washingtonpost.com
The Pessivist
AIDS Activist Larry Kramer, Hoarse From Speaking Truth to Power

By Jose Antonio Vargas
Washington Post Staff Writer
Monday, May 9, 2005

Who will be the next Larry Kramer?

The man himself -- AIDS activist, writer, provocateur -- doesn't know. Right now, Kramer is fighting all this noise: the cell phones going off, the cash register ringing, the 2-year-old who keeps crying whenever she drops her pink pacifier. Then there's the front door that won't shut, people trickling in and out.

Inside Lambda Rising, a bookstore in Dupont Circle, he reads from "The Tragedy of Today's Gays," his latest work.

This is not an autobiographical play about AIDS in the mode of his 1985 off-Broadway work, "The Normal Heart." It's not another "Faggots," his novel set in a hedonistic Manhattan of the late 1970s, which made him persona non grata within segments of the gay community -- how dare Kramer, a gay man himself, decry a gay man's right to have sex and lots of it? "The Tragedy of Today's Gays" is altogether something else: the work of a tireless yeller who's now dead tired of yelling.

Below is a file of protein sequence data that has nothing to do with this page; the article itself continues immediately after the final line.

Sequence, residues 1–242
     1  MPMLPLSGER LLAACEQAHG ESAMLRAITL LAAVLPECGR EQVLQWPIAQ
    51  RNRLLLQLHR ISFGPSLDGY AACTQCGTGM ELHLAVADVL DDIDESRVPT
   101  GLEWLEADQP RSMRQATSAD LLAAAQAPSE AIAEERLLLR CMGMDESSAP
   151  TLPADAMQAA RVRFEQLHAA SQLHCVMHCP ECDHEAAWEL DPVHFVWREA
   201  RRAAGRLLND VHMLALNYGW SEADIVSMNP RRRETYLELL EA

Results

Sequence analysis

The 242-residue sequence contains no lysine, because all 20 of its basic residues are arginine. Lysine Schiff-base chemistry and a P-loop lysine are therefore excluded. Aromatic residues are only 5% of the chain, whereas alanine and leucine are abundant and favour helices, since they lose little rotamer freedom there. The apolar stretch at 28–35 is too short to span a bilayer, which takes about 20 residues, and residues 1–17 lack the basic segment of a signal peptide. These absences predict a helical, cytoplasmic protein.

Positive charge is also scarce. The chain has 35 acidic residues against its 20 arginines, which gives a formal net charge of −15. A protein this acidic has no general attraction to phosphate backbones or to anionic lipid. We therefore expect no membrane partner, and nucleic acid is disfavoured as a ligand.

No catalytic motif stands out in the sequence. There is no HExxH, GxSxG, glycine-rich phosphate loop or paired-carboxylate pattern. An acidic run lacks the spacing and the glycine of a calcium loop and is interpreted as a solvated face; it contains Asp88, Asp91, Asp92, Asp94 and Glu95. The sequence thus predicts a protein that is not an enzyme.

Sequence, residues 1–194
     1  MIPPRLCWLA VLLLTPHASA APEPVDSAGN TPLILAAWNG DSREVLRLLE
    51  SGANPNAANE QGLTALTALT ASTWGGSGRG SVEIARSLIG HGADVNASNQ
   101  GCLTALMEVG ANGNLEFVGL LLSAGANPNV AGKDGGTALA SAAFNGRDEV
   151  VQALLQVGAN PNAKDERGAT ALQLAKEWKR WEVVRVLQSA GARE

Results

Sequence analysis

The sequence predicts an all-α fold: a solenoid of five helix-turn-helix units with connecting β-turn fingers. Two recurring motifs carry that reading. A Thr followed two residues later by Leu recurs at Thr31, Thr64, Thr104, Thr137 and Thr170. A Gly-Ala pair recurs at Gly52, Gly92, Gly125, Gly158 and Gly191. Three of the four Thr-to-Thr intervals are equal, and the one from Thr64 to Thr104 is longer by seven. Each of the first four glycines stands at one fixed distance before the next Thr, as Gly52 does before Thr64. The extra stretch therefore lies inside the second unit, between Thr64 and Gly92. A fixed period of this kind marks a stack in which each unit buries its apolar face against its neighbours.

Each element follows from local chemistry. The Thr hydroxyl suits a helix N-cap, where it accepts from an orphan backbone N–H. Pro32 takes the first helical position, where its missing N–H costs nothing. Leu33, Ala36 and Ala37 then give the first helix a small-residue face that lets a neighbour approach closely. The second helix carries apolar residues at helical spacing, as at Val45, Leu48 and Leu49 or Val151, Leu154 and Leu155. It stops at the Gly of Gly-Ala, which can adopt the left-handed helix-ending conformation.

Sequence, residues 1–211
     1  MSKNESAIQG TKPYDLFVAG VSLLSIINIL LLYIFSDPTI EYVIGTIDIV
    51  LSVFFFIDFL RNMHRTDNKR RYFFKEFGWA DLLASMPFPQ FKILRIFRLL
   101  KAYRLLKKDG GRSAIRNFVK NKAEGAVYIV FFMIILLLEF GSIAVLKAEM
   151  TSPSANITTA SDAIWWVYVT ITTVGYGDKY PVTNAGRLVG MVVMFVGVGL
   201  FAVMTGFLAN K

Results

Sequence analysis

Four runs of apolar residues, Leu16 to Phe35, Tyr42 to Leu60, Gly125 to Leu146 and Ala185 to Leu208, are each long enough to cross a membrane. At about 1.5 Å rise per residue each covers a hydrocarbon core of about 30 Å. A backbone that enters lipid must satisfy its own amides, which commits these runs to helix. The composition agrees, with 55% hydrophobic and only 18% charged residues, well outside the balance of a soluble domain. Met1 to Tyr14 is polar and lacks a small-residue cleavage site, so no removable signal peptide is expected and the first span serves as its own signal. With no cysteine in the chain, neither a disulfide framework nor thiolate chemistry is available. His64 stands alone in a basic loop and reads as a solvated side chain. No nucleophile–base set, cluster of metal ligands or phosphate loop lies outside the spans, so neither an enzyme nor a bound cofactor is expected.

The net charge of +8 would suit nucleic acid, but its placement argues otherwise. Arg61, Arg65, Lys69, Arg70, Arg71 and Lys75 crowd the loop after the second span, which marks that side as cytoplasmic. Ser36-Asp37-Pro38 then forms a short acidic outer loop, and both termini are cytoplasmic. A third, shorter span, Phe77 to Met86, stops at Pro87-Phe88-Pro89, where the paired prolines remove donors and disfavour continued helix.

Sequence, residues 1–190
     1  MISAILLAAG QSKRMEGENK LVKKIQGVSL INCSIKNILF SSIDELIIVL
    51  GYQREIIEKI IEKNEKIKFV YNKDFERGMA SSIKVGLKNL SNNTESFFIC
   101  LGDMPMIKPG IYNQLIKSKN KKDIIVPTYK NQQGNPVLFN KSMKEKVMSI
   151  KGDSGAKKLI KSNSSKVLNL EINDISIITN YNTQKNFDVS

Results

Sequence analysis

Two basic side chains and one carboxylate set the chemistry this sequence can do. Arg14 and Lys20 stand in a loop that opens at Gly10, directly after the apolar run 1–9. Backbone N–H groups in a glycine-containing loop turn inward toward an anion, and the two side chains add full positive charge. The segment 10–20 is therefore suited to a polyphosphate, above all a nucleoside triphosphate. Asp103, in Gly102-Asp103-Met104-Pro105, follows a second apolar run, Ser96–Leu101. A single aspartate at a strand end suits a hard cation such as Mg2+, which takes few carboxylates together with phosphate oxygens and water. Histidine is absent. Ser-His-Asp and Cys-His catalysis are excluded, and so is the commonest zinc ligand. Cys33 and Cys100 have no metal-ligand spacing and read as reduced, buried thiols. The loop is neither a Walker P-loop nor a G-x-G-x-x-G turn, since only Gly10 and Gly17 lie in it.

"Tragedy" was a speech -- delivered last November, five days after the election -- that he turned into a book. It's a sprawling polemic, a call to action, angry, frustrated, passionate. It's as if he views AIDS's continued existence, despite his nearly quarter-century of unparalleled activism, as somehow his personal failing. He might as well have titled his new book "The Tragedy of Today's Larry Kramer."